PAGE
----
Program to combat bullying planned for Washington County schools

April 25, 2010|By DAN DEARTH
  • Springfield Middle School science teacher Deb Remeikas, left, and guidance counselor Anna Lofton are part of the No Bullying Allowed (NBA) program.
By Colleen McGrath/Staff Photographer,

WASHINGTON COUNTY -- Washington County Public Schools officials plan next year to implement an anti-bullying campaign designed to help create a safer, more secure environment in which students can learn.

The Olweus Bullying Prevention Program will be implemented at the start of the 2010-11 academic year in elementary and middle schools across the county, according to John Davidson, director of student services for Washington County Public Schools.

Officials hope the program will decrease bullying incidents by teaching students, staff and faculty how to recognize a problem and act accordingly, Davidson said. The program also will attempt to involve parents, he said.

Twenty-three cases of bullying were reported in Washington County Public Schools during the 2006-07 school year, Davidson said. That number increased to 55 in 2007-08, and to 72 in 2008-09.

"We've seen a decline in behavior," Davidson said. "It's one of those things we have to address as educators."


In July 2009, the Washington County Board of Education approved spending $76,000 for the Olweus program. That money is being used primarily to train teachers and to purchase materials.

Steve Burnett, supervisor of school counseling for Washington County Public Schools, said Olweus is a proven system that helps increase awareness about bullying. In some cases, the program has decreased bullying incidents by 50 percent, he said.

The changes don't come overnight.

Burnett said the 50 percent reduction rate usually takes two to three years to achieve after the program's inception.

There are educational advantages to reducing the incidents of bullying.

Oral and physical bullying can lead to stress that causes the victim's attention to taper off in the classroom. In addition, children who are bullied tend to dislike school and become afraid to attend.

"If kids are worried about what will happen after that class is over, it will impact their ability to learn," Burnett said. "We need to have a safe environment for kids to learn ... We need to take it seriously."

Anna Lofton, a guidance counselor at Springfield Middle School in Williamsport, said she receives complaints about bullying.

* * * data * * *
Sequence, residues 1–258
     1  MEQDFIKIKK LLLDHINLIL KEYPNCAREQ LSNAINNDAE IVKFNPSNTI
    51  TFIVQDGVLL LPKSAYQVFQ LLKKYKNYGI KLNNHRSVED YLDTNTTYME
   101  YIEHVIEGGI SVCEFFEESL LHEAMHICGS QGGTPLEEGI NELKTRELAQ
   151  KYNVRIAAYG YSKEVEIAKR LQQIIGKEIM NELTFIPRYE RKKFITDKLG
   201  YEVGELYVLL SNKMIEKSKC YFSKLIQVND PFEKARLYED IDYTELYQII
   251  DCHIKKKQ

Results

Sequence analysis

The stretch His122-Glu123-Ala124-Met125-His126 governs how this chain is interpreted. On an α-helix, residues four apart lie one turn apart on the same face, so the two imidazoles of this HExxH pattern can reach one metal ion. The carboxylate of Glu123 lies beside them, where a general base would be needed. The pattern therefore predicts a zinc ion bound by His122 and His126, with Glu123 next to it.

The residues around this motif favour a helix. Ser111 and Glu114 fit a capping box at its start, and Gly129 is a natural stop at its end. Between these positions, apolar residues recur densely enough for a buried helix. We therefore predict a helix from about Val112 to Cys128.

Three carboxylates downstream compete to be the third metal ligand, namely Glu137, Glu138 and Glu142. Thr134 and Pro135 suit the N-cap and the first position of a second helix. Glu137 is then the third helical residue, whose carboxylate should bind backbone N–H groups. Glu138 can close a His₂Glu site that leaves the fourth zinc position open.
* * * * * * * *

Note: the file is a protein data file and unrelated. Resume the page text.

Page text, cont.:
Boys tend to engage in physical forms of bullying, while girls are inclined to start rumors and isolate others from a group, she said.

"One day they'll (girls) be nice to you, and the next day they won't talk to you," Lofton said.

A survey taken earlier this year at Springfield Middle School showed 73 percent of boys and 84 percent of girls felt sorry for classmates who were bullied and wanted to help, she said.

No-bullying zone

Lofton said the students at Springfield Middle School already have become involved by adopting a No Bullying Allowed Zone. To help the enterprise succeed, students have agreed to not bully others and to help those who are victimized.

Lofton said the students also agreed to include students who are left out, and to inform an adult at school and at home when they know a bullying incident has occurred.

She said officials want to involve parents and convince children that it's OK to talk about what's going on.

"Kids don't speak up," Lofton said. "They are afraid to tell and they are afraid of being called a snitch."

Deb Remeikas, a seventh-grade science teacher at Springfield Middle School, said the existing system to curb bullying doesn't go far enough.

Under the current program, reports have to be filed to initiate an investigation. Remeikas said there is no requirement that an offending student be punished.

"Students who are bullying aren't recognizing they're bullying and aren't learning to change their ways," she said.

The Olweus system will train students, faculty and staff how to recognize and handle bullying. She said school system officials want to train everyone from bus drivers to parents in bullying prevention.

"We will be role playing among faculty when they're learning and students when they're learning," Remeikas said.

She said program directors hope to increase enthusiasm for the program by offering students incentives, such as gift cards and book bags.

They also want local businesses to get involved.

Remeikas said Graphic Response Inc., a marketing and graphic design firm in Williamsport, already has stepped on board by designing and donating the No Bullying Allowed Zone logo.

The program at Springfield Middle School will be taught by two faculty members, who are in the process of being trained, Remeikas said. The 30-minute class will be taught to students once a week.

"We would like the kickoff to be the first day of school," she said. "We really want the kids to know this is our program. These are our rules."

Types of bullying

Following are types of bullying, as identified by the Olweus Bullying Prevention Program:

o Verbal bullying

o Social exclusion or isolation

o Physical bullying

o Bullying through lies and false rumors

o Having money or other things taken or damaged

o Threats or being forced to do things

o Racial bullying

o Sexual bullying

o Cyberbullying (via cell phone or the Internet)

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